PO 14 | Performance objectives | ACCA Qualification | Students | ACCA Global
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Monitor and control budgets

PO 14 links to Paper F2, Management Accounting, Paper F5, Performance Management, and Paper P5, Advanced Performance Management

Once budgets have been implemented, they need to be monitored and controlled. Accounting teams analyse and interpret financial data to help organisations and departments identify how closely performance is aligned to budgets over a defined period.

This amounts to much more than simply whether sales are down or up – monitoring and controlling includes the regular examination of costs, cash, working capital and assets. As an accountant, you will be charged with responsibility for chasing the information needed to identify variances between budgeted and actual figures, tracking relevant trends and communicating your findings to senior management or department heads.

In order to do this, you will need to have systems in place to record figures on a timely basis and allow meaningful comparison against budgets as swiftly and accurately as possible (especially where managers in the field rely on them for driving individual and team performance, or for focusing sales activity). Where variations arise, you will need to find the right questions to ask in order to explain and make any relevant recommendations for actions arising from them. And it is crucial that your findings are presented to management in a way that is easy to understand, particularly by those who are not used to financial terminology. That means ‘translating’ accounting-speak for end users in plain language that leaves no doubt as to what is being communicated.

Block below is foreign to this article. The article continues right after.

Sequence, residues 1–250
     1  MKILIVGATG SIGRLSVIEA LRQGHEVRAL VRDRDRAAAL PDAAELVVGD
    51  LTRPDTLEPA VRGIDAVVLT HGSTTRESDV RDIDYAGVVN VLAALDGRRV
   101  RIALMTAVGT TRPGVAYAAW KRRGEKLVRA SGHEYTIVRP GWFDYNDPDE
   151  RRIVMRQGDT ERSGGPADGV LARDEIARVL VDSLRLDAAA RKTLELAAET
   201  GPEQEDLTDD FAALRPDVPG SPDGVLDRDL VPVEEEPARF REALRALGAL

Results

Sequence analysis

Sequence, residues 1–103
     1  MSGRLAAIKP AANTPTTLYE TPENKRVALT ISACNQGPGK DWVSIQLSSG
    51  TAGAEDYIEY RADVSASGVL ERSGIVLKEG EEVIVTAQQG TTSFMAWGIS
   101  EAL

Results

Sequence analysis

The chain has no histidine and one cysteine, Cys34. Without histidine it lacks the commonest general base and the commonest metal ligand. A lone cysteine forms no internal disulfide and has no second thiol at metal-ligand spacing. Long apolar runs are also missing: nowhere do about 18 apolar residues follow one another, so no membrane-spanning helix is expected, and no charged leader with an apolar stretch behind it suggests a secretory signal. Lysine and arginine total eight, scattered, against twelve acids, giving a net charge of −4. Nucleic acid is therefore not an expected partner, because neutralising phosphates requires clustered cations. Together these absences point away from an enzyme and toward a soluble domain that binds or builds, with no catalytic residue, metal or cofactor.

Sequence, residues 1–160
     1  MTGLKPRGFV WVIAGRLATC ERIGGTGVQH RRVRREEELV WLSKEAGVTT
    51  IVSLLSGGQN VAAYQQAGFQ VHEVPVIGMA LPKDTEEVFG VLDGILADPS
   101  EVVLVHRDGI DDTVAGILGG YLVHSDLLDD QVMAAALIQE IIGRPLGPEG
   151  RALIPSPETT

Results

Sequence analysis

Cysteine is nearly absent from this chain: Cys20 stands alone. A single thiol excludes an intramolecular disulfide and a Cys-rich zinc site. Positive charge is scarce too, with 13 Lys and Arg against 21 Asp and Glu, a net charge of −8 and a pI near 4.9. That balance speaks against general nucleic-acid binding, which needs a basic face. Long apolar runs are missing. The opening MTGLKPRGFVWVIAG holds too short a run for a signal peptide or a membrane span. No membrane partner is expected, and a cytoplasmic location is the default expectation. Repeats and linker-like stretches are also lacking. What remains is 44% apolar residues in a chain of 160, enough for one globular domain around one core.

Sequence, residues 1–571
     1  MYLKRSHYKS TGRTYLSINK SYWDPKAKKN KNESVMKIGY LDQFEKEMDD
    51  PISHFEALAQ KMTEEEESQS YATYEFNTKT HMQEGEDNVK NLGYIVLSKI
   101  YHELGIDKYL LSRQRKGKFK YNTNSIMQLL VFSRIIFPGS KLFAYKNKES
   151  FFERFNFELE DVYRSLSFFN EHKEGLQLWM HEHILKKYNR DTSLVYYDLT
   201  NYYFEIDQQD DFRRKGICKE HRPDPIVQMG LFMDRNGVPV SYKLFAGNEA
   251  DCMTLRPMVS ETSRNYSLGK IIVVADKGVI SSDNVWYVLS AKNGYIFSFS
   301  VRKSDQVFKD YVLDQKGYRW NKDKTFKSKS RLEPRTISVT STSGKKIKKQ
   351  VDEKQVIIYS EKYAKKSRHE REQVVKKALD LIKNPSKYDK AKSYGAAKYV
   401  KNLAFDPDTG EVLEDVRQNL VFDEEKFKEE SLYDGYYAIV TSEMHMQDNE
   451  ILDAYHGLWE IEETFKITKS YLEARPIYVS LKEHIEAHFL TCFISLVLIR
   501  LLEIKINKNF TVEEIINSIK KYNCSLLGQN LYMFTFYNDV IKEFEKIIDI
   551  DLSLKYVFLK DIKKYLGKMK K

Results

Your work will assist with ongoing resource allocation and overall financial performance, as the organisation makes any necessary operational changes arising from reported variances or from indications that sales forecasts are being met or exceeded.

Examples of relevant activities include:

  • preparing regular variance analysis reports, clearly demonstrating significant differences or trends requiring closer examination or which may cause alarm
  • giving explanations and making recommendations based on variance analysis, including further data collection or research into company or industry-related factors
  • incorporating significant variances in future budget planning.

The next step is to answer the challenge questions for this objective:

  • Describe your role in monitoring and controlling budgets.
  • How do you plan frequency and method of monitoring? What factors, such as accepted business cycles or the ease with which information can be initially gathered, are taken into consideration?
  • Who is involved and to what extend must you obtain ‘buy-in’ to the monitoring process in order for it to be successful?
  • How have those budgets affected your day-to-day role?
  • Consider how information you collate for budgetary purpose might inform your other responsibilities within the team.
  • In what ways does budget activity (preparation, actions from variations, amendments) change the time you can give other responsibilities? What adjustments do you have to make and how does this radiate out to include your day-to-day interaction with others?
  • With some examples, how have you used these budgets to help others within your organisation?
  • It might be that you alerted management in a particular region to adverse sales figures that bucked a wider trend – and which led to identifying deficiencies in local management or poor recording of data that could be corrected, or even financial wrongdoing.
  • Perhaps your monitoring work revealed aspects of outstanding operational performance that led to successful sales techniques or cost-saving drives being adopted throughout the company.

Last updated: 13 Jun 2013